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Our Common Prayerbook: Psalm 6

posted by Scot McKnight
David, or the psalmist if it is not David, complains about his enemies often and pleads with God to do justice and shame them. But Psalm 6 (after the jump you can find the whole psalm) opens up with the humility necessary to be the sort of person who can pray for justice against enemies. Perhaps this psalm belongs with Ps 38 because the psalmist has something to confess. Nothing indicates that, though the tone of v. 1 could lead to that. Notice how David begins: he begins asking God not to judge him but to be gracious and heal him and rescue him. Then he turns to his reasons.

6:1 Lord, do not rebuke me in your anger!

Do not discipline me in your raging fury!

6:2 Have mercy on me, Lord, for I am frail!

Heal me, Lord, for my bones are shaking!

6:3 I am absolutely terrified,

and you, Lord – how long will this continue?

6:4 Relent, Lord, rescue me!

Deliver me because of your faithfulness!

Fear is a common emotion and a common human condition; out of such fear — “frail” and “shaking” and “terrified” and wondering “how long will this continue?” Some are afraid for health reasons; some are afraid because of economic woes; some are afraid because others are out to get them. In that situation, David enters into the presence of God and asks for grace. The extremities of the psalmist’s condition is clear: how long will this last? implies he can take it no longer. When you can take it no longer, here is a prayer to pray.

And he asks for rescue and deliverance — not because he deserves it or because he has so many dreams or because he would hate his enemies to sit on his throne. No, he pleads his case because he believes YHWH is faithful to his covenant with Israel and to the cause of truth and justice.
Our guide in the Psalms is John Goldingay (Psalms, Vol. 1: Psalms 1-41
).

For the music director, to be accompanied by stringed instruments, according to the sheminith style; a psalm of David.

6:1 Lord, do not rebuke me in your anger!

Do not discipline me in your raging fury!

6:2 Have mercy on me, Lord, for I am frail!

Heal me, Lord, for my bones are shaking!

6:3 I am absolutely terrified,

and you, Lord – how long will this continue?

6:4 Relent, Lord, rescue me!

Deliver me because of your faithfulness!

6:5 For no one remembers you in the realm of death,

In Sheol who gives you thanks?

6:6 I am exhausted as I groan;

all night long I drench my bed in tears;

my tears saturate the cushion beneath me.

6:7 My eyes grow dim from suffering;

they grow weak because of all my enemies.

6:8 Turn back from me, all you who behave wickedly,

for the Lord has heard the sound of my weeping!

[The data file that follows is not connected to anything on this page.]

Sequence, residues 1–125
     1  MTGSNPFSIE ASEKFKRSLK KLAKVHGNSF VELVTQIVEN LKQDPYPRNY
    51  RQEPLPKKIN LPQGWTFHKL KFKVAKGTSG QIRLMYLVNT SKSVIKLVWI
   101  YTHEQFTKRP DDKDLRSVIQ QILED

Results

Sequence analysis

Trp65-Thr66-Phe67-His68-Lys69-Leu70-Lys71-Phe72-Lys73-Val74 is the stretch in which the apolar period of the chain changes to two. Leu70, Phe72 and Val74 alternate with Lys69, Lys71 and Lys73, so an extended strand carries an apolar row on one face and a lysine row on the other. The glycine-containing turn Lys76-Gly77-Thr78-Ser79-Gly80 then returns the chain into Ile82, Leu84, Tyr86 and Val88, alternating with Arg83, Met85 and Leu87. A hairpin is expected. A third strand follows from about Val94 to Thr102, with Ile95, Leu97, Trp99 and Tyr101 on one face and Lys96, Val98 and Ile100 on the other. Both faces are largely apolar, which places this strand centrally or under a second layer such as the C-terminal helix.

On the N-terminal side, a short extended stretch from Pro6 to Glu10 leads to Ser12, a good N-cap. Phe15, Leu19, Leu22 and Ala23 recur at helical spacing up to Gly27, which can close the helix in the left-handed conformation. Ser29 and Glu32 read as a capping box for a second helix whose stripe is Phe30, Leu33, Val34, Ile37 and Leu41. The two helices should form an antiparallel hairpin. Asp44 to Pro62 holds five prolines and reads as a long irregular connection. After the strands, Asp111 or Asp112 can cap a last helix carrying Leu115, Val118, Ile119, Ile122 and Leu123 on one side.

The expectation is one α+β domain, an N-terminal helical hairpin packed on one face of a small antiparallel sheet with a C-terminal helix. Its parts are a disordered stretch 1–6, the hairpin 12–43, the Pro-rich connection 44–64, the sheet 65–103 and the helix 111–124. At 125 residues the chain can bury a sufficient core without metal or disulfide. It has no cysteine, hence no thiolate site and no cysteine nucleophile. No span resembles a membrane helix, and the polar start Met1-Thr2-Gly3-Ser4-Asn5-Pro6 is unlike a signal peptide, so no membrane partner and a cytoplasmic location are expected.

6:9 The Lord has heard my appeal for mercy;

the Lord has accepted my prayer.

6:10 May all my enemies be humiliated and absolutely terrified!

May they turn back and be suddenly humiliated!



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Ann F-R

posted April 14, 2010 at 1:04 pm


The Psalms are excellent at depicting that tension we live in between longing for righteousness and justice, and being aware that we, too, are sinful, frail and weak.
Your sentence is exemplary, Scot: “he asks for rescue and deliverance — not because he deserves it or because he has so many dreams or because he would hate his enemies to sit on his throne. No, he pleads his case because he believes YHWH is faithful to his covenant with Israel and to the cause of truth and justice.
It reminded me of Jesus’ words to the ruler in Luke 18 who wanted to inherit eternal life (without giving up the “good life” here, it would seem), and who thought he’d kept all the commandments “since his youth. To his chagrin, Jesus responded, “No one is good but God alone.”
Our foundation always needs to rest on God alone. We are not good, we do not deserve eternal life, but we trust God who saves us from others and from our own sins.



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Bob MacDonald

posted April 14, 2010 at 3:31 pm


Hi Scot – thanks for posting on the psalms – wonderful book – the biggest and the best of the lot. I completed my own translation of the psalms a year ago. My Psalm 6 is here if you are interested. I paired it with Psalm 143 which is a closing psalm of David and a kind of inner circle enclosing the whole psalter. The outer circle is psalm 1-2 and 149. The psalter is the story of how God makes many righteous (the mercied of Psalm 149) through the gift of the singular righteous of Psalm 1-2. (See Robert Cole JSOT 98 2002 – available free this month on Sage publications.
I agree with you that 6 and 38 are paired. The second reminds David of the first – that we might realize the continuing mercy of our God. The movement of this Psalm seems to me to indicate that David is always in the presence and that is why in his trouble he remembers – suddenly – between verses 7 and 8 that his God is able to deal with his trouble whether it comes from himself, his own actions, or the actions of others. There is some similarity to the movement in the Lamentations – his faith is never in question and God brings to his presence in David a reminder of the covenant mercy and of God’s kindness. Aspects of this psalm remind me of Job also – in the grave who will praise you? In that book, only Job prays and it is just the way the psalmist prays.



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